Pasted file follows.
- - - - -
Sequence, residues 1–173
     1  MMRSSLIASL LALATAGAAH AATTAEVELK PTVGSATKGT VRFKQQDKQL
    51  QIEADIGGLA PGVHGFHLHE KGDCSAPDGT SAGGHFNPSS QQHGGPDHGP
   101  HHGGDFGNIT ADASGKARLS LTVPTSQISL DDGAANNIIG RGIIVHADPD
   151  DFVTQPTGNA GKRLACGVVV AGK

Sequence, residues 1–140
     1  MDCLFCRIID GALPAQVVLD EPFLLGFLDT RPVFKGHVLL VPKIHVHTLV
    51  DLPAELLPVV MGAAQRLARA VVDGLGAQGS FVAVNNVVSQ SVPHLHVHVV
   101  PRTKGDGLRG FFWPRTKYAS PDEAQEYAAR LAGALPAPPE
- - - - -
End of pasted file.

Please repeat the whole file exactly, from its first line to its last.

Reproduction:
Sequence, residues 1–173
     1  MMRSSLIASL LALATAGAAH AATTAEVELK PTVGSATKGT VRFKQQDKQL
    51  QIEADIGGLA PGVHGFHLHE KGDCSAPDGT SAGGHFNPSS QQHGGPDHGP
   101  HHGGDFGNIT ADASGKARLS LTVPTSQISL DDGAANNIIG RGIIVHADPD
   151  DFVTQPTGNA GKRLACGVVV AGK

Sequence, residues 1–140
     1  MDCLFCRIID GALPAQVVLD EPFLLGFLDT RPVFKGHVLL VPKIHVHTLV
    51  DLPAELLPVV MGAAQRLARA VVDGLGAQGS FVAVNNVVSQ SVPHLHVHVV
   101  PRTKGDGLRG FFWPRTKYAS PDEAQEYAAR LAGALPAPPE